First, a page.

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Women working part-time make the gender gap in Switzerland

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Women in Switzerland earn more than 40% less than men and withdraw less pension money, according to a report on the gender pay gap approved by the government on Wednesday, citing the high percentage of women working part-time.

The government’s research into the Gender Overall Earnings Gap (Gegg), which the Parliament requested in 2019, shows that Switzerland performs relatively poorly in the European context.

“In 2018, the GOEG for Switzerland was 43.2%. This means that women’s wages are 43.2% lower than men’s for all hours worked between the ages of 15 and 64,” the National Bureau of Statistics said in a statement.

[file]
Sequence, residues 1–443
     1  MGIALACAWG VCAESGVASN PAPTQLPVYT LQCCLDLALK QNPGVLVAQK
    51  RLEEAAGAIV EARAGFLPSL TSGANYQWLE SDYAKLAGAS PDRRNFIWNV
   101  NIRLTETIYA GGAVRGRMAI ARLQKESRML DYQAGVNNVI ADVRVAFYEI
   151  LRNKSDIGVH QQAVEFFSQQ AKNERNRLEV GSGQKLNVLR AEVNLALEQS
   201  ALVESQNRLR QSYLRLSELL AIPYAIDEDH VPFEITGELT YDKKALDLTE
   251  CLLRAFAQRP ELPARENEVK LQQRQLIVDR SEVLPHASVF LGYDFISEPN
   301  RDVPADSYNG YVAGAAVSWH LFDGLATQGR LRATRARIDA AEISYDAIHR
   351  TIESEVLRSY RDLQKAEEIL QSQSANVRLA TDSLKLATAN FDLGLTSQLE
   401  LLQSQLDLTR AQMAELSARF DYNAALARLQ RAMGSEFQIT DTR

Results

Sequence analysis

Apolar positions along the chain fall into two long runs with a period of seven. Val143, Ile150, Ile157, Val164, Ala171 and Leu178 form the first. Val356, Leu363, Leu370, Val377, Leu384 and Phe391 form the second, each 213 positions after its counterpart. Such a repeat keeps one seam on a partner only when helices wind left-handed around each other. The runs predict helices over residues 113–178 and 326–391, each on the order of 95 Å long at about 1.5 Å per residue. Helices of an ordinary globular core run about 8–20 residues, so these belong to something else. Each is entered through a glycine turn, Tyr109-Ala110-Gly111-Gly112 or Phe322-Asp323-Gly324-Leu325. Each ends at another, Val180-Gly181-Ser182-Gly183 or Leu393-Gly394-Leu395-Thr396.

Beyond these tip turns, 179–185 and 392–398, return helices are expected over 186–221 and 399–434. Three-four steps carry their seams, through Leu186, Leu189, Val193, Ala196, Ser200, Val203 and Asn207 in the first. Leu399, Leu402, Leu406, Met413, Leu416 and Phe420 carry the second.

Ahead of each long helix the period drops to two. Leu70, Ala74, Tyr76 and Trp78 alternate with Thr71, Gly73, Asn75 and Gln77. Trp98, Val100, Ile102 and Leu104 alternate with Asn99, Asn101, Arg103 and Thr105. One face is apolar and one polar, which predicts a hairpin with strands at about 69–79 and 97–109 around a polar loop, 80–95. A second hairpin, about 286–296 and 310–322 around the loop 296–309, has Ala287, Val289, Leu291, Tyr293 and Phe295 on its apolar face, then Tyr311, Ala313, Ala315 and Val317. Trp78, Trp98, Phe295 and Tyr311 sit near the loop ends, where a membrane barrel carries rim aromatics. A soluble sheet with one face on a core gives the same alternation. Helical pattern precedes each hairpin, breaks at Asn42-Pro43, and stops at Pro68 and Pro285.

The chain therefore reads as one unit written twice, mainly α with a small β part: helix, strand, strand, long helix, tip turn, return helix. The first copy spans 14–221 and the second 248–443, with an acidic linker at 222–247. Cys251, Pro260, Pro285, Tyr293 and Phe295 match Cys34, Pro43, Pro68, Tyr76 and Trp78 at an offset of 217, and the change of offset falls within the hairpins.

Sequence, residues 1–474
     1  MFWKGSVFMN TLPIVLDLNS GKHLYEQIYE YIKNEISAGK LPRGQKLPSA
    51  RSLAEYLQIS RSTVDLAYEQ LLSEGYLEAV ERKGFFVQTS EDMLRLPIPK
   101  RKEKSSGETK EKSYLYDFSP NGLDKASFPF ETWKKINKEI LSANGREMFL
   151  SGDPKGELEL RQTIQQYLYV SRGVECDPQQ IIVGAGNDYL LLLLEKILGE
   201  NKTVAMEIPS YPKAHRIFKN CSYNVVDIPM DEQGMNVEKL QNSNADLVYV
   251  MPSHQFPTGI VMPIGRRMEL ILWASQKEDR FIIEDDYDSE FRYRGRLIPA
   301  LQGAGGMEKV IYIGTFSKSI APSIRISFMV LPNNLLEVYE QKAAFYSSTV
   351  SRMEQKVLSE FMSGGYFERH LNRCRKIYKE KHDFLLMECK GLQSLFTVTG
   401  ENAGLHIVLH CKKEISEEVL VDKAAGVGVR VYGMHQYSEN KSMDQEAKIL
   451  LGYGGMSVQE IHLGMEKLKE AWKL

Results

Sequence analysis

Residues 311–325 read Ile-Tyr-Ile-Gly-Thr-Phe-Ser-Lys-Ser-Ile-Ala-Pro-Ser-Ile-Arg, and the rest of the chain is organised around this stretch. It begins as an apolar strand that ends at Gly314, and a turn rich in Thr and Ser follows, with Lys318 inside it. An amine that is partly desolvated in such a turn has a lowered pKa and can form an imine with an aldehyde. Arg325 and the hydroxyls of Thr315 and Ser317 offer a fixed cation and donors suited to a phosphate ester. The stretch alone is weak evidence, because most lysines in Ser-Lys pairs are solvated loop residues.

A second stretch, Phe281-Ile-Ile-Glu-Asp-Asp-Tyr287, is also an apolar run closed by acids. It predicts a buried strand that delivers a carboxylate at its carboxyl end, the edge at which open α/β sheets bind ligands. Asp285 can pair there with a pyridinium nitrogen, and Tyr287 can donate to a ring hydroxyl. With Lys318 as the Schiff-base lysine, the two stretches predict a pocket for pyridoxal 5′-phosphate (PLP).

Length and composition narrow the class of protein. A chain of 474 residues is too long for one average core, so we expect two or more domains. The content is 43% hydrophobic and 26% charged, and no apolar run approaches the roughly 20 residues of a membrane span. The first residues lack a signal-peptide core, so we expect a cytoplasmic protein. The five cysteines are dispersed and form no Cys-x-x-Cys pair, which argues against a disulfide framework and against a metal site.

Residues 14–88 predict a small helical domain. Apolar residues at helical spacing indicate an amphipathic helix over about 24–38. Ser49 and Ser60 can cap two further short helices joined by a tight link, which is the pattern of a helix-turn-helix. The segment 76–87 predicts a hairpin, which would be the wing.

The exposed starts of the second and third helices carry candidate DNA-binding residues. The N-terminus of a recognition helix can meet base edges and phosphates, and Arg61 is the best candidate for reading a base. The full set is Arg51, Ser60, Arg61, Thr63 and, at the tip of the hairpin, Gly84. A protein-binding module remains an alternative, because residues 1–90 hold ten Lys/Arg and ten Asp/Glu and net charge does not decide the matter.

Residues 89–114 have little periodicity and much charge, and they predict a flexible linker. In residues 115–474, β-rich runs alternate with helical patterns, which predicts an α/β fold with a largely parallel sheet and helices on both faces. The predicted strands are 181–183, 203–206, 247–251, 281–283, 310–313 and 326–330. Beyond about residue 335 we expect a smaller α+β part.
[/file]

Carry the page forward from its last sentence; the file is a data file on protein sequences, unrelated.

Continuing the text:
In 2020, the pension gap between men and women was 34.6%, the agency found. The total annual pension for women averaged 35,840 Swiss francs ($36,456), 18,924 francs lower than that for men. This reflected differences in labor force participation, the effects of family and life models, and gender pay differences over time.

The data comes before Swiss voters decide in a referendum on September 25 whether to reform the state pension system by raising the retirement age for women by one year to 65 – the same age as for men – and raising Value-Added Tax to help fund the system.

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